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Interview with Emily Crutcher – an American living in Dubai

Updated 15 Nov 2010

 Emily Crutcher - expert in DubaiEmily Crutcher is a southern belle sounding off in hot and humid Dubai. She joined the ranks of the up-and-coming young professionals who relocated to Dubai to experience a more cosmopolitan lifestyle and to find out if expat life in the Middle East is all it’s chalked up to be.

For more information on the United Arab Emirates, check out the Abu Dhabi and Dubai emirate guides.

About Emily

Q: Where are you originally from? 
A: I’m from the United States, and my hometown is Charlotte, North Carolina. Named after Queen Charlotte, the wife of King George III of Britain, Charlotte is known as the Queen City. Although the city is considered "small" (estimated 2010 population of 750,000) by global standards, Charlotte is very important in the global economy. The city is a major financial hub, with Bank of America headquartered in the city’s central business district.

Q: Where are you living now? 
A: I’m now living in Dubai, United Arab Emirates, in the Dubai Marina district. Dubai Marina is one of the most popular areas for expatriates to live and for tourists to visit. The area is known for its laid-back lifestyle, with marinas and public beaches. The area comprises high-rise residential towers (G+20), several hotels, and a shopping centre. Dubai Marina is served by various forms of public transit, including two Dubai Metro stations.

Q: How long have you lived in Dubai? 
A: I’ve lived in Dubai for about 3.5 years.

Q: Why did you move; what do you do? 
A: I work for a commercial real estate firm.

About Dubai

Q: What do you enjoy most about Dubai? How’s the quality of life? 
A: I love the cosmopolitan, multicultural vibe of Dubai and the fact that my friends come from all over the world. I love that I live right across the street from the beach. And I love that my apartment overlooks Palm Jumeirah, the island shaped like a palm tree.

I love being able to go down to the art galleries in the restored homes in Bastakiya, the oldest part of Dubai along the Dubai Creek, and I love meeting up with my friends at Barasti, a bar right on the beach, for sundowners and live music.

Q: Any negatives about Dubai? What do you miss most about home? 
A: Of course I miss my family and friends, but there are a few other things I really miss too! I miss the live music festivals. The only bands/musicians/DJs that come to Dubai tend to be pop/hip-hop. I miss the greenery! My hometown is known for all of its old oak trees, which create a verdant canopy in the summer.

Q: Is Dubai safe? 
A: Yes, Dubai is a very safe place to live. The most dangerous thing about Dubai is the high speeds people drive on Sheikh Zayed Road.

About living in Dubai

Q: Which are the best places/suburbs to live in the city as an expat? 
A: Dubai Marina is the best place to live as an expat. But for those expats with families or those expats who want to live in a villa, Jumeirah or Umm Sequim are more suitable areas.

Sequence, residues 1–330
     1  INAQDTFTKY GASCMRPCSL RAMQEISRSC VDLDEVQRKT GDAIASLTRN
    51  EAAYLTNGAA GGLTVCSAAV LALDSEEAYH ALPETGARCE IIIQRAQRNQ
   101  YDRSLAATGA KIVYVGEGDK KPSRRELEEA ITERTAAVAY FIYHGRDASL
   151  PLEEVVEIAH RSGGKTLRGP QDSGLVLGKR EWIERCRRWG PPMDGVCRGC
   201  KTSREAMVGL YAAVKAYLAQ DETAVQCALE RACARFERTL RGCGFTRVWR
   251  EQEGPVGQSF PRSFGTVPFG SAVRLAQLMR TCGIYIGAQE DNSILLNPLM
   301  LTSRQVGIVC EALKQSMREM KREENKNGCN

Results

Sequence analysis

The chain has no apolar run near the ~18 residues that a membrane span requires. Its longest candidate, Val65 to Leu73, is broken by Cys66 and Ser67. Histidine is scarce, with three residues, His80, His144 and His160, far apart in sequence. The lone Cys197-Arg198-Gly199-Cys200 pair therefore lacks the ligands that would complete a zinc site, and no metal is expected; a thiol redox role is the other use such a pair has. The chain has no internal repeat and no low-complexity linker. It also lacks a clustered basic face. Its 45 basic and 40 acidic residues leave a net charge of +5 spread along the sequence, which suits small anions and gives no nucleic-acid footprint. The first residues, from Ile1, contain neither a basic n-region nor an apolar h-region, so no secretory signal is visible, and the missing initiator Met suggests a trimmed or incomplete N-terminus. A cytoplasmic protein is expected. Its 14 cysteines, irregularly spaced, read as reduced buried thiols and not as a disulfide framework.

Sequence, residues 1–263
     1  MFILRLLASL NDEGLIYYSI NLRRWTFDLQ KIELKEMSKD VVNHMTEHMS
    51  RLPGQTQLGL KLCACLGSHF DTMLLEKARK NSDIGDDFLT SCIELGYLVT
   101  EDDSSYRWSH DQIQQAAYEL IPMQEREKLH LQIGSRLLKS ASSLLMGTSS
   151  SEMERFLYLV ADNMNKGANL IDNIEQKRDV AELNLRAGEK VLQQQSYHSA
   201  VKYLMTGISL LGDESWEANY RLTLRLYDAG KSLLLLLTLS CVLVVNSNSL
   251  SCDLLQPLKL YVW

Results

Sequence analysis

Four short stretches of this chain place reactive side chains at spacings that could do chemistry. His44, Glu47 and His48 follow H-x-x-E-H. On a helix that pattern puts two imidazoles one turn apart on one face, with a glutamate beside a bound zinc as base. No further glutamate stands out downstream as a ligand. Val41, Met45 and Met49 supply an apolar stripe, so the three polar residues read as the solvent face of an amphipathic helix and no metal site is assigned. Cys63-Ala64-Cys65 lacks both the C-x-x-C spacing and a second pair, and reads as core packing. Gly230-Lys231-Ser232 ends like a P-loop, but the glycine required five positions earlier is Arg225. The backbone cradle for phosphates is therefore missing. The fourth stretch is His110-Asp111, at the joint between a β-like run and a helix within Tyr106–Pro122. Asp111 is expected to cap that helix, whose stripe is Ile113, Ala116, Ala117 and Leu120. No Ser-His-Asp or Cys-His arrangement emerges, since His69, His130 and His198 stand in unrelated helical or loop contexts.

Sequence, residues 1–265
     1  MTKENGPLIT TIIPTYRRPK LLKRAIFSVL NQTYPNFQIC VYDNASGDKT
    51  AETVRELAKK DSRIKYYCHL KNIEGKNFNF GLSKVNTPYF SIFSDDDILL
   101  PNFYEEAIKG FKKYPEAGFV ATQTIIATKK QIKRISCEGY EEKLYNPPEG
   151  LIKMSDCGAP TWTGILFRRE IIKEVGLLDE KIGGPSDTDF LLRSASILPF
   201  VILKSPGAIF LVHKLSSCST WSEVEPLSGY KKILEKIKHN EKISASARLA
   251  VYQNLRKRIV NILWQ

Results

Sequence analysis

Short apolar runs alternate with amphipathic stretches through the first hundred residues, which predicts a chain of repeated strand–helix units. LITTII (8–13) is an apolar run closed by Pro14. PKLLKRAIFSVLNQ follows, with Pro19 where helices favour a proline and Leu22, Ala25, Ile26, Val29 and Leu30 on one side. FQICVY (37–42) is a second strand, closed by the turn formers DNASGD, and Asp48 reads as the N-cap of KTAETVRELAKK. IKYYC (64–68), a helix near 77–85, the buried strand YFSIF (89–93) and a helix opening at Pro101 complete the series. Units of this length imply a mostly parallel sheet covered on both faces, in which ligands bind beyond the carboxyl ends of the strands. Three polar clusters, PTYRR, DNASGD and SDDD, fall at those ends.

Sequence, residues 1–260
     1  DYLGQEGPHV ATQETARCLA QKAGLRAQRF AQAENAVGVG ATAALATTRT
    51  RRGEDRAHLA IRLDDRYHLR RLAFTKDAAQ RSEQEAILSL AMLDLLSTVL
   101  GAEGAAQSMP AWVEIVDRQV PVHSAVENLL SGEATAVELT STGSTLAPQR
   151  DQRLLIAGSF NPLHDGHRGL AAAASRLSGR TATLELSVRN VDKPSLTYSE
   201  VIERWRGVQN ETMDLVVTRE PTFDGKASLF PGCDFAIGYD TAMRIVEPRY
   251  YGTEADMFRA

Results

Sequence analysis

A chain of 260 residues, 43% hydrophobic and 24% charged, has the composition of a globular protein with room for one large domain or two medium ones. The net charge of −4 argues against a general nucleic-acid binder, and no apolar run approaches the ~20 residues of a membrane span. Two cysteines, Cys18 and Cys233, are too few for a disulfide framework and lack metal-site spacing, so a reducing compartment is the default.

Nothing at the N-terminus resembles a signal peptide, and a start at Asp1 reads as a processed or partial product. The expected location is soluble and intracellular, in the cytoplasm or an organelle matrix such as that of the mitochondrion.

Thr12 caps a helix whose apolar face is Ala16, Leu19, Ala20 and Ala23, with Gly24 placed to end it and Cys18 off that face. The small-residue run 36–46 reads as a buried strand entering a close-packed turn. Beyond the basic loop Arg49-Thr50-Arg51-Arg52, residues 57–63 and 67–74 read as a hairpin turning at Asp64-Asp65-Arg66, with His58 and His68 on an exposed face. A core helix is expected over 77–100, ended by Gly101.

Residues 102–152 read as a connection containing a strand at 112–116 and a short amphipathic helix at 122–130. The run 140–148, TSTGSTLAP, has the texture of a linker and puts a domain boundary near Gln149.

Q: How do you rate the standard of accommodation? 
A: The accommodation, for the most part, is modern and spacious because many of the residential developments were built over the past five years.

Q: What’s the cost of living in Dubai compared to home? What is cheap or expensive in particular? 
A: Rents have fallen in Dubai, so finding affordable accommodation much easier than it was two years ago.

Q: What are the locals like; do you mix mainly with other expats? 
A: In general, Emiratis socialize with other Emiratis. I socialize with other expats – Arabs, Indians, Europeans, Australians, British and other Americans. Dubai is a very cosmopolitan city!

Q: Was it easy meeting people and making friends? 
A: Yes! Because most people living in Dubai are not from Dubai, everyone is willing to get out, socialize, and meet new people.

About working in Dubai

Q: Did you have a problem getting a work visa/permit? 
A: No, your company must secure a work visa for you.

Q: What’s the economic climate like in Dubai? Is there plenty of work? 
A: While the official statistics may paint a different picture, it seems like the city is still shedding jobs. Many expats in Dubai who have lost their jobs over the past two years have sought out work in Abu Dhabi, the capital city of the United Arab Emirates.

Q: How does the work culture differ from home? 
A: The corporate workplace in Dubai is much more multicultural than the corporate workplace in Charlotte, North Carolina. I have colleagues from all over the world, which creates a unique environment.

Q: How would you rate the healthcare? 
A: In general, I think Europeans find the healthcare subpar. I had a major surgery in Dubai, and I was satisfied, but not overly impressed, with the level of care.

And finally…

Q: Is there any other advice you like to offer new expat arrivals? 
A: Come check out Dubai!

► Interviewed November 2010

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